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STEVE ELLIOTT

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Drug Policy Action and Brave New Films Partner on Film Highlighting Discriminatory Cannabis Law Enforcement

Drug Policy Action and Brave New Films have teamed up to create a striking video released on Wednesday that illustrates the stark racial disparities in the enforcement of marijuana laws in California.

Robert Greenwald, Brave New Films [AlterNet / Wikipedia]
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Robert Greenwald, Brave New Films:
“[T]he war on drugs has been not only an abject failure but a force for destruction that must be ended once and for all”
[AlterNet / Wikipedia]

The two-minute piece shines a spotlight on how discriminatory marijuana law enforcement is used to criminalize people of color and how the criminal justice and sentencing reforms contained in Proposition 64, the Adult Use of Marijuana Act will “set us on a new path” toward reducing mass incarceration.

“By making this film we hope to give Californians a sense of how truly urgent it is to enact sane, rational drug laws that do not unfairly target and oppress communities of color,” Brave New Films founder Robert Greenwald said. “Clearly, the numbers in this film – and the pages of every newspaper, every day – show that the war on drugs has been not only an abject failure but a force for destruction that must be ended once and for all.”

In November, Californians will have the opportunity to vote on Proposition 64, which contains sentencing reforms that eliminate or reduce many adult use and cultivation marijuana offenses.

Hundreds of thousands of Californians’ lives have been devastated by punishment for a nonviolent criminal offense involving a substance that even the President of the United States recently acknowledged is no more harmful or addictive than alcohol.

Proposition 64 would drive hundreds of millions of dollars in investments to low-income communities that have been most negatively impacted by the Drug War, according to the makers of the film.

Back in 1996, California became the first state to legalize medical marijuana when voters passed the Compassionate Use Act (Prop. 215). In 2011, California lawmakers reduced possession of up to an ounce of marijuana for personal use from a misdemeanor to a non-arrestable infraction, similar to a traffic ticket.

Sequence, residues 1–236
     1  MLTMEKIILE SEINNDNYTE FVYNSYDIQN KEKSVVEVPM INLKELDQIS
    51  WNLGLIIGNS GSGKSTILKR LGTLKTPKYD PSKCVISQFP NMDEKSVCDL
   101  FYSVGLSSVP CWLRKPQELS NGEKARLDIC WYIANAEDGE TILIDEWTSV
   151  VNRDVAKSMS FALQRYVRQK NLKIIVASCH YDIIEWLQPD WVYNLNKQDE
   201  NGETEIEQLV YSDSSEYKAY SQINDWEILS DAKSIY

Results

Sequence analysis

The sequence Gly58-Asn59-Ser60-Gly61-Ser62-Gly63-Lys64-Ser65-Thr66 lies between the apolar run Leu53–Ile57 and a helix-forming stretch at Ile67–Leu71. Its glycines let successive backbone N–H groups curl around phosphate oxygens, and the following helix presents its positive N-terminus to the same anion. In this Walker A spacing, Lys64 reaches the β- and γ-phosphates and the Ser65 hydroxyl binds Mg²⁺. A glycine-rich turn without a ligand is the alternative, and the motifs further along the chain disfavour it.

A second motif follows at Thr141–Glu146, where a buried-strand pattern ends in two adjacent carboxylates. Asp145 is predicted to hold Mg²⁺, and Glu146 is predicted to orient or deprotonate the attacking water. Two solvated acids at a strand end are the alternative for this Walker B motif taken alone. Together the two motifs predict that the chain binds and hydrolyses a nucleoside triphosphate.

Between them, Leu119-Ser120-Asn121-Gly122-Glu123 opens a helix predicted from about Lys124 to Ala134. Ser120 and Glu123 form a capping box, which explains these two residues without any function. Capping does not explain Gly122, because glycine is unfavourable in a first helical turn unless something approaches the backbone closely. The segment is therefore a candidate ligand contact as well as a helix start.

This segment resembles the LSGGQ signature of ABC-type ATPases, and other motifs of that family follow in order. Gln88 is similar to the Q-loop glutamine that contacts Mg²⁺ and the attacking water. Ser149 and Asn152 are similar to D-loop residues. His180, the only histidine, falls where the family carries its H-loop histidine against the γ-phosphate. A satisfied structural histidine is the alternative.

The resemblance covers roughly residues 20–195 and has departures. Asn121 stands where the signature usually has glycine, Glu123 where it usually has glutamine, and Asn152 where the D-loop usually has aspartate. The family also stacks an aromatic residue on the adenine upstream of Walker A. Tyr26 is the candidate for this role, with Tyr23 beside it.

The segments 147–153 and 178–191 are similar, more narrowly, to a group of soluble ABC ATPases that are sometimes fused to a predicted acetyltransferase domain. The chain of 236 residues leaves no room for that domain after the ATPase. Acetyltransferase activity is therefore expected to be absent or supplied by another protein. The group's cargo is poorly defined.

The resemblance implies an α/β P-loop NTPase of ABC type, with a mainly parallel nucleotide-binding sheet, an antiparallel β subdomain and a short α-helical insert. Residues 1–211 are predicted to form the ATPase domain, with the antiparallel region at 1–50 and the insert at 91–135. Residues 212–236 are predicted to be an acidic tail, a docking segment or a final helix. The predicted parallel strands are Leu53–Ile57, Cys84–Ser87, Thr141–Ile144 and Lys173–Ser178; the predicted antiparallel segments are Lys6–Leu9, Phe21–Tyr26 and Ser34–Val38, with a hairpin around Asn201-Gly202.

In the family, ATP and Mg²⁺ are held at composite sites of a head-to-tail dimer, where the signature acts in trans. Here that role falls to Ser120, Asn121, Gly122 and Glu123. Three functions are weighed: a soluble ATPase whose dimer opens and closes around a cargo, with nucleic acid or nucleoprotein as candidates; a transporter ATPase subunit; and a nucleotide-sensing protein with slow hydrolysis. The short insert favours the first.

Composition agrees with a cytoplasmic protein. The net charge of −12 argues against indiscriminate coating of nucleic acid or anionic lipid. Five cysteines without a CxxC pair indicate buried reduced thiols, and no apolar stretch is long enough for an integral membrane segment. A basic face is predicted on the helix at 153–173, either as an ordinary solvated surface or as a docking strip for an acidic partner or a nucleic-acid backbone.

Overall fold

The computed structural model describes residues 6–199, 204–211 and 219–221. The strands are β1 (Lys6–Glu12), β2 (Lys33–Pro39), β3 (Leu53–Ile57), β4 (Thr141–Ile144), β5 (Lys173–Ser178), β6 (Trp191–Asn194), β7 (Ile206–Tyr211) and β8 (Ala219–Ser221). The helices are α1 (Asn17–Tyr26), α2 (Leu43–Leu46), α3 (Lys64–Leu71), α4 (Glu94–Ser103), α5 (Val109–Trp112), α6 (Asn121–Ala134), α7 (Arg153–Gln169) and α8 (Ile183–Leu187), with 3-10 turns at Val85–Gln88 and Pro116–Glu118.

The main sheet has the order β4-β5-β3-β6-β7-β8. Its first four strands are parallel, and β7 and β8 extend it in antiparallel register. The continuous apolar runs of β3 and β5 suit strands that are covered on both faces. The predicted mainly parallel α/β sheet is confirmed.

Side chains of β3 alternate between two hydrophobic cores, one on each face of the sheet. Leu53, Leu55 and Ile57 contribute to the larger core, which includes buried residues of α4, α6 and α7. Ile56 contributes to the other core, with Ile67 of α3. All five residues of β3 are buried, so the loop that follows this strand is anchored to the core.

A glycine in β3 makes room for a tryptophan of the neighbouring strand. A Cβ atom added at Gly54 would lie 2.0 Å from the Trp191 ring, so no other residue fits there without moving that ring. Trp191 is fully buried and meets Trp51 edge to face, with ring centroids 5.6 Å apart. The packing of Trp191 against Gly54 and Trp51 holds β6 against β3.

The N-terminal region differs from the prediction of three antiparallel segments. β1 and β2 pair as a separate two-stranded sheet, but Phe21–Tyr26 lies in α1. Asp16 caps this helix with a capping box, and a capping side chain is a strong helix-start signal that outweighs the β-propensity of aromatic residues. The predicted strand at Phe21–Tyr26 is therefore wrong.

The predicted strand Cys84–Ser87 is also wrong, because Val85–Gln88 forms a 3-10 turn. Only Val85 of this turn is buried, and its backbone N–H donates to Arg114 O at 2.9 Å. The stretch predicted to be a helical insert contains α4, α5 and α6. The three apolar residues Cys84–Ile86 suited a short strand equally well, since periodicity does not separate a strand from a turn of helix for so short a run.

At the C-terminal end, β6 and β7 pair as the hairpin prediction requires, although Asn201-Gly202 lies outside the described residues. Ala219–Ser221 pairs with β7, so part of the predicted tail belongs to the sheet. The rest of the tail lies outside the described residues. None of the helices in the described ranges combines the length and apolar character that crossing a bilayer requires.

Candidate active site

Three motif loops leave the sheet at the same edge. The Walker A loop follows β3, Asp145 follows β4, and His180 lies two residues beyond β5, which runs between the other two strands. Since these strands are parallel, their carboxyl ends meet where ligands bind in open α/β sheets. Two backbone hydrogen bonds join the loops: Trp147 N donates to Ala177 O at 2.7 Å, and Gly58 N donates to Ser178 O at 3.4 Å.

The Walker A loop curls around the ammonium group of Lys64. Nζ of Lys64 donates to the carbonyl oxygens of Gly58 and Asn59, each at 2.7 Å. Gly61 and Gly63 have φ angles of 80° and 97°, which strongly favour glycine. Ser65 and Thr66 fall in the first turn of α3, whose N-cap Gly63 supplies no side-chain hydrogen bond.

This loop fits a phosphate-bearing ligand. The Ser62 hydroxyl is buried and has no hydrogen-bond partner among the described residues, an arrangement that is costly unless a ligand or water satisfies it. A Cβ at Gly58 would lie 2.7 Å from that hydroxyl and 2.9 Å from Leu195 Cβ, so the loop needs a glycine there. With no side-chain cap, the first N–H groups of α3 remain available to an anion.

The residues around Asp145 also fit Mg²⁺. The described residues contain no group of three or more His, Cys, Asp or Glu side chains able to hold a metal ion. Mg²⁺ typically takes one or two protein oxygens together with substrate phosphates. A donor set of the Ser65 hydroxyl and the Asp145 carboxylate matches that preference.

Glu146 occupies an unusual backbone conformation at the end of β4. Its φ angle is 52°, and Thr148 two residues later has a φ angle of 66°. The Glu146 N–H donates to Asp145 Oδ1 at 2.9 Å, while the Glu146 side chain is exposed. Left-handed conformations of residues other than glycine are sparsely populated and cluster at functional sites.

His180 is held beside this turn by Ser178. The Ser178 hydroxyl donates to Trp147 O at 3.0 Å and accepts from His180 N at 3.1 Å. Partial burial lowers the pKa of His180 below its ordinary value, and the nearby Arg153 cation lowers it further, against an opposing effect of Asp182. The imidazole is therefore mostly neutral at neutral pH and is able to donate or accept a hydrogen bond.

However, a recent report by the Drug Policy Alliance (DPA) found that, despite California’s more permissive marijuana possession laws, the state had nearly 500,000 marijuana arrests between 2006 and 2015. Those arrests disproportionately impacted African-American and Latino Californians.

Black, Latino, and white Californians use and sell marijuana at similar rates, yet black and Latino people are more likely to be arrested or ticketed for a marijuana law violation.

Black people were nearly five times more likely than white people to be arrested for marijuana felonies. Latinos are 35 percent more likely than white people to be arrested for a marijuana offense: 45 percent more likely for a misdemeanor and 26 percent more likely for a felony.

Lynn Lyman, Drug Policy Action: "Quote" [The Opportunity Agenda]
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Lynn Lyman, Drug Policy Action:
“With gripping images and narration, this short film raises up the critical racial and social injustice issues at stake under marijuana legalization in California”
[The Opportunity Agenda]

Further, marijuana infraction enforcement in Los Angeles and Fresno was nearly four times more severe for Black Californians and 1.5 times more severe for Latino Californians than whites.

“With gripping images and narration, this short film raises up the critical racial and social injustice issues at stake under marijuana legalization in California,” said Lynne Lyman, California state director for Drug Policy Action. “It upholds Brave New Films’ tradition of making hard-hitting films on the most pressing issues in our communities.”

Proposition 64 includes what supporters call “strong safeguards for children, workers, local governments and small businesses and strict anti-monopoly provisions and the toughest warning label and marketing-to-kids laws in the nation.” It also, unfortunately, includes some provisions that favor big corporate money over the thriving mom-and-pop cottage industry that cannabis has become over the past two decades of medical marijuana legalization, apparently a nod to the big money which is backing the measure.

Brave New Films partners with advocacy organizations on strategic campaigns for racial and economic justice, human rights, violence prevention and other issues. Founded by former Hollywood direct Robert Greenwald, the studio uses film to help clarify and draw attention to complex issues, mobilize citizens to act and give them the tools they need to make a difference. BNF’s latest feature-length documentary, Making a Killing: Guns, Greed, and the NRA has been screened in nearly 1,000 venues around the country including at the U.S. Capitol.

Drug Policy Action, the advocacy and political arm of the Drug Policy Alliance, is one of the primary backers of Proposition 64.

The video can be viewed here.

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